Can't Find a Job. Advice?

I'm in the process finishing a computer science degree, and have been actively looking for my first job as a junior software developer, but have not even been able to get a single interview. Lately I have become quite disheartened about my future prospects in the field. At this stage, I would even be willing to take an unpaid internship as I need some experience.

My grades are very strong, I have put a lot of work into my portfolio and am involved in various IT meetups and hackathons, I am a female so am worried that it may be the reason why I'm finding it so difficult (perception that women can't code is still common unfortunately). I do have a males name though, so may not be the actual reason, not sure.

What do you think I should do to increase my chances of finding work? Masters degree? Bootcamp?

Comments

              •  

                @Sarah11: Been there, done that (on my case I regret those 4 years of my life going away). A phd is an incredible amount of work. I would not do that part time on top of a full time job.

                Also keep in mind that if you do go into research it's very competitive to get grants and you really want to be part of a large high performing research group.

          •  

            @Sarah11: Absolutely agree with techlead - it does not take 20 years to become a lead, I'm a senior at the moment after 3 years.
            As for experience whilst at university just try and apply to any kind of positions over summer/part time. I was very very lucky and managed to actually snag an internship first year summer of my degrees through the sponsors of a scholarship I received and it snowballed to have a summer position over a few companies every year from then on which turned into part time for the final part of my degrees. Tutoring for your university can also reflect well.

            If any company is willing to take the overhead of hiring you as an intern it will make people assess you more favourably when looking at taking you as a graduate - my company usually only takes people as graduates who have interned with them before; I only know of a few exceptions like myself.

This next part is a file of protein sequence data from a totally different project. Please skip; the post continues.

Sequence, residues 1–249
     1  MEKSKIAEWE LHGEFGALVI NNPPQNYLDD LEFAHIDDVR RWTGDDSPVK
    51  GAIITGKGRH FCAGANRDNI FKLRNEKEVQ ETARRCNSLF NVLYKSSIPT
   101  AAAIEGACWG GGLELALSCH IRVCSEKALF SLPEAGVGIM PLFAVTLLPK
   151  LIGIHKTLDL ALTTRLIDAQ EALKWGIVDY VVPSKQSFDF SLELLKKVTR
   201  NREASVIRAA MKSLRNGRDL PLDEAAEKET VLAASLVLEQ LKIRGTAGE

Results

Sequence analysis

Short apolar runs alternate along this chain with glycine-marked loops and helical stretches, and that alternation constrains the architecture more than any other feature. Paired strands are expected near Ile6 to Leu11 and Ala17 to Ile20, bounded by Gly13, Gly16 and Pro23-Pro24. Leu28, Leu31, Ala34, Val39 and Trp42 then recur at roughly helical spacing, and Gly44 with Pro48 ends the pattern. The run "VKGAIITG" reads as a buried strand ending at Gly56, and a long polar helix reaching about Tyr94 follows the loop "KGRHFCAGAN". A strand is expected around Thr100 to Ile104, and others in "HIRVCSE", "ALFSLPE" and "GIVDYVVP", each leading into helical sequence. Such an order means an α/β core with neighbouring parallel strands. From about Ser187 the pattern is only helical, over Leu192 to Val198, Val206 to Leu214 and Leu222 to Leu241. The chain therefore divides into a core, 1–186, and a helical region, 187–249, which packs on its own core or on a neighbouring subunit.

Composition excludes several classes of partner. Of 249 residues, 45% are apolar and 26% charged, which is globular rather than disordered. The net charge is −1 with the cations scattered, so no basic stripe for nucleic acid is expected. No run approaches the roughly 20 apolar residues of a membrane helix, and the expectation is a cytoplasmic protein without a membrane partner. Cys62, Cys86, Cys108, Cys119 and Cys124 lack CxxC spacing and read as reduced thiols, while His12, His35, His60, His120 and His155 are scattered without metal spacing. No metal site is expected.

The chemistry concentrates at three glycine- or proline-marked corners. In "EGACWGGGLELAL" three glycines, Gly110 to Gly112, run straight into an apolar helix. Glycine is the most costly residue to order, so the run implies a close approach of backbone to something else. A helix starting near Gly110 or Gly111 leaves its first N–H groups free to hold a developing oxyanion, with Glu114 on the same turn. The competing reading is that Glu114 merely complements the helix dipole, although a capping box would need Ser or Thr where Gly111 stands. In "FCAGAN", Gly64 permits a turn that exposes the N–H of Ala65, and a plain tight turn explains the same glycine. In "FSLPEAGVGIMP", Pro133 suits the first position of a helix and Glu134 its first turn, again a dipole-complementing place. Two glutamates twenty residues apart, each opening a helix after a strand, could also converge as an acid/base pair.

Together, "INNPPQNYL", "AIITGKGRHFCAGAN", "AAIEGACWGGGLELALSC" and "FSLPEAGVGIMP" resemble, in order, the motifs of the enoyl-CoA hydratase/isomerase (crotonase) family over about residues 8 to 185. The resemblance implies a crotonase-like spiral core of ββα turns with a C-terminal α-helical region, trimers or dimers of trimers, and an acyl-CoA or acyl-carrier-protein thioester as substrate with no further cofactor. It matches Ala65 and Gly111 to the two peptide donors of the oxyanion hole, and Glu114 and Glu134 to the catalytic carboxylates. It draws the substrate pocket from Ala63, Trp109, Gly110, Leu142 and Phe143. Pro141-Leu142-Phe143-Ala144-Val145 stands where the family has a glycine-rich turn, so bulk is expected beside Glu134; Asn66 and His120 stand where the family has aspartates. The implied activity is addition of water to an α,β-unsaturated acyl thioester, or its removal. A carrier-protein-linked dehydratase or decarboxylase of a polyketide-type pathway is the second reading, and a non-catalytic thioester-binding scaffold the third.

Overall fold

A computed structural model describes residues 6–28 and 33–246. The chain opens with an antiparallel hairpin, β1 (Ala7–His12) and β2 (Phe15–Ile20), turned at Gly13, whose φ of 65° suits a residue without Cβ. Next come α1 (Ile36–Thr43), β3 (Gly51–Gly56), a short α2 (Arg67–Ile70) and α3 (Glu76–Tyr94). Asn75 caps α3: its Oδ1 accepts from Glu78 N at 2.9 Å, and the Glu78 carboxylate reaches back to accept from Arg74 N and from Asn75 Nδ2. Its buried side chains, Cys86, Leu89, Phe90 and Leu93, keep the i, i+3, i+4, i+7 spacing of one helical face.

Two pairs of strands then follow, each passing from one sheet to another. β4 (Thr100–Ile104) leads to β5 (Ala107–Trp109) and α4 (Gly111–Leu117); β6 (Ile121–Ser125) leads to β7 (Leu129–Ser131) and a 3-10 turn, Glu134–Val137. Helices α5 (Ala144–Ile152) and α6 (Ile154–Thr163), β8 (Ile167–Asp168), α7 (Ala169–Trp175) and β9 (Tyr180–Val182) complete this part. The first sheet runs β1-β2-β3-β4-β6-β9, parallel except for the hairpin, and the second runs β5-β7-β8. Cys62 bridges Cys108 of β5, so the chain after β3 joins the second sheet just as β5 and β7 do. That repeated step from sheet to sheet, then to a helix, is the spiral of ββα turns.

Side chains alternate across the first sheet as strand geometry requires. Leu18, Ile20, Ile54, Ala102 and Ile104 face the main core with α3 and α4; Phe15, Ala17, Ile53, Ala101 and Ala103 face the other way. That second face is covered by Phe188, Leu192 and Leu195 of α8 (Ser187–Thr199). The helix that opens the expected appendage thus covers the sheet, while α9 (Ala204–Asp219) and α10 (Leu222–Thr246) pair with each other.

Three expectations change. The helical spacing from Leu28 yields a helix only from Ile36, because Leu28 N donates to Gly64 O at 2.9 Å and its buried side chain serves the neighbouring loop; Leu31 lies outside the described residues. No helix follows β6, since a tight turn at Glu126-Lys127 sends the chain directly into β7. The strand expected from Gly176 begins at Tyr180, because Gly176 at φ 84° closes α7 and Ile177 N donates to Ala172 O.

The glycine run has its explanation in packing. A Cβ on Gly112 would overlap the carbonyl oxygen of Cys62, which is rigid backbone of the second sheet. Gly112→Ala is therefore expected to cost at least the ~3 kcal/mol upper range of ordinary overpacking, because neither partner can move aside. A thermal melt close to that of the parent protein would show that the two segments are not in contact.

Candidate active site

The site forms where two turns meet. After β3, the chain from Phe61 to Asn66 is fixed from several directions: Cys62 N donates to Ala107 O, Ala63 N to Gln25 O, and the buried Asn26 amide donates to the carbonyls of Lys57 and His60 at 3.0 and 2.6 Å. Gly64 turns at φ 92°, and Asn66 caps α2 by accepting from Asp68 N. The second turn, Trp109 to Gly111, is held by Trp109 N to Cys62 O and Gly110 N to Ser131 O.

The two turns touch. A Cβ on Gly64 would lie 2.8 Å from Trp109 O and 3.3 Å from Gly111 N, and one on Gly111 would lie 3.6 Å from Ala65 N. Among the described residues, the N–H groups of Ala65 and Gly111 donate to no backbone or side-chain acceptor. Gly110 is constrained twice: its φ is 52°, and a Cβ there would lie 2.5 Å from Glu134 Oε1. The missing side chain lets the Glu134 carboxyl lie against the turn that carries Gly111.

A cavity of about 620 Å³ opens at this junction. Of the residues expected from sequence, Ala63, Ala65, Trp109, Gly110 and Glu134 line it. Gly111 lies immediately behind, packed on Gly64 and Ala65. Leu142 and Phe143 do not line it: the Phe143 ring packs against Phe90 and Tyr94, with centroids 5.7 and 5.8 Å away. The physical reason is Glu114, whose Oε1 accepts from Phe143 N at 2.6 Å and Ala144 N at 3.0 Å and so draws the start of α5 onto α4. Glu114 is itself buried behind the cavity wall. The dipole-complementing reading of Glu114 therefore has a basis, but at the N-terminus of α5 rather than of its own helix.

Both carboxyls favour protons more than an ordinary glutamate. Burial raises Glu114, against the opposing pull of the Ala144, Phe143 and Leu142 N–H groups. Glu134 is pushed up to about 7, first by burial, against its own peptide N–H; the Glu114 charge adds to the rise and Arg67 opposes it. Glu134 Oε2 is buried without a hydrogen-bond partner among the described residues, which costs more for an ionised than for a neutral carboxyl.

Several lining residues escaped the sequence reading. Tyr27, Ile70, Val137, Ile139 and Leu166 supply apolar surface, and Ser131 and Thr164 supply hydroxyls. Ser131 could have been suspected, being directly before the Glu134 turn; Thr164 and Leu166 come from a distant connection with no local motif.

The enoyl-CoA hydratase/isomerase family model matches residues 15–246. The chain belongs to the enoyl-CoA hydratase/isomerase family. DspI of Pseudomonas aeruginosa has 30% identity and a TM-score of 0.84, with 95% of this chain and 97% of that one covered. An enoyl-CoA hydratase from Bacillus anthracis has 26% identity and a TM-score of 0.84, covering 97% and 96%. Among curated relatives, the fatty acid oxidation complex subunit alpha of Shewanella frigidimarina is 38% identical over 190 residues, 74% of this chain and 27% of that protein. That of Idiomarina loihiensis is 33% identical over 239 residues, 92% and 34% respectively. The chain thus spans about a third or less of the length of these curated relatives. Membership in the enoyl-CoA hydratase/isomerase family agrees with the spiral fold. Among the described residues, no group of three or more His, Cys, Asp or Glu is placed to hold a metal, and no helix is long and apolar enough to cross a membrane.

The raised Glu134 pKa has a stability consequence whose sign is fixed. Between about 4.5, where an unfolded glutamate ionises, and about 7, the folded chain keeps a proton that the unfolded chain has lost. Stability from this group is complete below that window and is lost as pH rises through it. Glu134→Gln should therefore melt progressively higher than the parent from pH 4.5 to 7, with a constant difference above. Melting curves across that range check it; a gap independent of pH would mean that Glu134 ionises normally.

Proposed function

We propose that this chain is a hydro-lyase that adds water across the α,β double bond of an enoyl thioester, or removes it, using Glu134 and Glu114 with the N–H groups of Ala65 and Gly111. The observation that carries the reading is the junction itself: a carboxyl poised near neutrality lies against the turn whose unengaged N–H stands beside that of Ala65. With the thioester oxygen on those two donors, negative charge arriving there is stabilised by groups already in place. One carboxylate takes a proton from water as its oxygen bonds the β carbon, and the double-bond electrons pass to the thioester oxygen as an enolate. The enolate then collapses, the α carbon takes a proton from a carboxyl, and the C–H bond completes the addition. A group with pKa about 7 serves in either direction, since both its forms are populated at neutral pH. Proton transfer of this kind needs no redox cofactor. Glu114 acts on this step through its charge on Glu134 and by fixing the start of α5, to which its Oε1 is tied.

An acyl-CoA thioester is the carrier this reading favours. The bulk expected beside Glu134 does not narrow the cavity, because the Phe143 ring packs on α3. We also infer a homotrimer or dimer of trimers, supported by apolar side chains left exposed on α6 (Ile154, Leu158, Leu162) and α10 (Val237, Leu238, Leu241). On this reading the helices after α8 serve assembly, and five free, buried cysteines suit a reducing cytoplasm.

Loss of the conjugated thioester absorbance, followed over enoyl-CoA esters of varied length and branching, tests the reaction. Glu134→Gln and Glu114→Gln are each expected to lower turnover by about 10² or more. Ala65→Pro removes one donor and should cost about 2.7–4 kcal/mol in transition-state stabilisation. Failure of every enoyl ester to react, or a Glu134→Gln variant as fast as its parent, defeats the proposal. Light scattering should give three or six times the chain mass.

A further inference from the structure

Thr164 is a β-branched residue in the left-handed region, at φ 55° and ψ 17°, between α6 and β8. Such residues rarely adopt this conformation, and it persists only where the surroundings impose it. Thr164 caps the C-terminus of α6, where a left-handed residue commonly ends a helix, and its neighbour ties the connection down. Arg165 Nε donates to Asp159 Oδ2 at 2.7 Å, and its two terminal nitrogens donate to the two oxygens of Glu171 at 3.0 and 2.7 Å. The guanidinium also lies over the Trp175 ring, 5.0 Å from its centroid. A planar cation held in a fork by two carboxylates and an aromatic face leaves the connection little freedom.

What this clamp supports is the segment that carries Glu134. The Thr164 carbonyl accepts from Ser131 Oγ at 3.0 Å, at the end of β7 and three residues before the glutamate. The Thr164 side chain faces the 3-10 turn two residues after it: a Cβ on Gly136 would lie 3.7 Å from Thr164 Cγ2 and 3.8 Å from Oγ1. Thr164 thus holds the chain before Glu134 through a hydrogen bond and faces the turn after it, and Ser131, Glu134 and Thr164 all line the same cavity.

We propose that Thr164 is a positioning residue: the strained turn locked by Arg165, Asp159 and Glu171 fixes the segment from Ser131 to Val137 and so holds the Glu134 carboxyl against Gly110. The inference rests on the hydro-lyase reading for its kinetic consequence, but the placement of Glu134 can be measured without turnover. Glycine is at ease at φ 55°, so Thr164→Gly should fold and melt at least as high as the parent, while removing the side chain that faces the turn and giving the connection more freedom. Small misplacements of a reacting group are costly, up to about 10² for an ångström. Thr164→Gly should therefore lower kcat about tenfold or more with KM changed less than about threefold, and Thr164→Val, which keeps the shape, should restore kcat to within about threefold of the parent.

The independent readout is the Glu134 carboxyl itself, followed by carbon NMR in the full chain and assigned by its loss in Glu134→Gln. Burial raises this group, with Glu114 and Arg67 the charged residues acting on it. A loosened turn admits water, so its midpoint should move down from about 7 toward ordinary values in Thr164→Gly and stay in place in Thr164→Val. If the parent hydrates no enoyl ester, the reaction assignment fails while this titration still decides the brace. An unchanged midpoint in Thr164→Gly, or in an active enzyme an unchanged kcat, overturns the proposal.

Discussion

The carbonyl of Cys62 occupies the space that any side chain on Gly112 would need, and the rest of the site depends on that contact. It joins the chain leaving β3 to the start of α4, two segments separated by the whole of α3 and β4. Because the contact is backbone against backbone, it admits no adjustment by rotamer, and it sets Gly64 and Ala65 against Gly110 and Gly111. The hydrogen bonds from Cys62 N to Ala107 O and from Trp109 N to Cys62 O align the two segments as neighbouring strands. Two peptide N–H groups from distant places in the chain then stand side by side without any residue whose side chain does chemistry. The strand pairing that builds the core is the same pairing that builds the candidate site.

•  

          Where did you learn to code?

          Also what age is too old to move into IT/programming?

          •  

            @ddn2004: Google is the best, but it can be a little unstructured. I learnt coding because I have an interest in it, I want to know how technology and applications work. If you want something more structured, then check out Udemy, Coursera and other online courses, they all have intro to coding which will give you more context.

            Age is just a number, it all depends on your mindset and your interest. If you are interested, you can succeed and move into the field at any age.

          •  

            @ddn2004: I'm older. Around 30s. I've worked for several years, now trying to move into IT. I've only been coding a couple of years but I'm pretty determined.

  • +1 vote

    If you can stomach the idea, try the public service in Canberra. Seeing some of the crap programmers that they have brought in from overseas, I am sure you would be in with a good chance. Your gender is totally irrelevant.

  •  

    What city/region in Australia are you situated?

    •  

      Melbourne

      • +2 votes

        I work for an international tech company, HQ in Sydney, but also has an office in Melbourne, I was recruited by them before finishing uni, so lack of experience shouldn’t be too much of a problem,

        Feel free to send me an inbox message if you want more info

        • -4 votes

          Lies

  •  

    What sort of companies have you been targeting? Providing you have strong programming skills and computer science fundamentals to pass the technical interview, places like Google and Atlassian hire very diverse.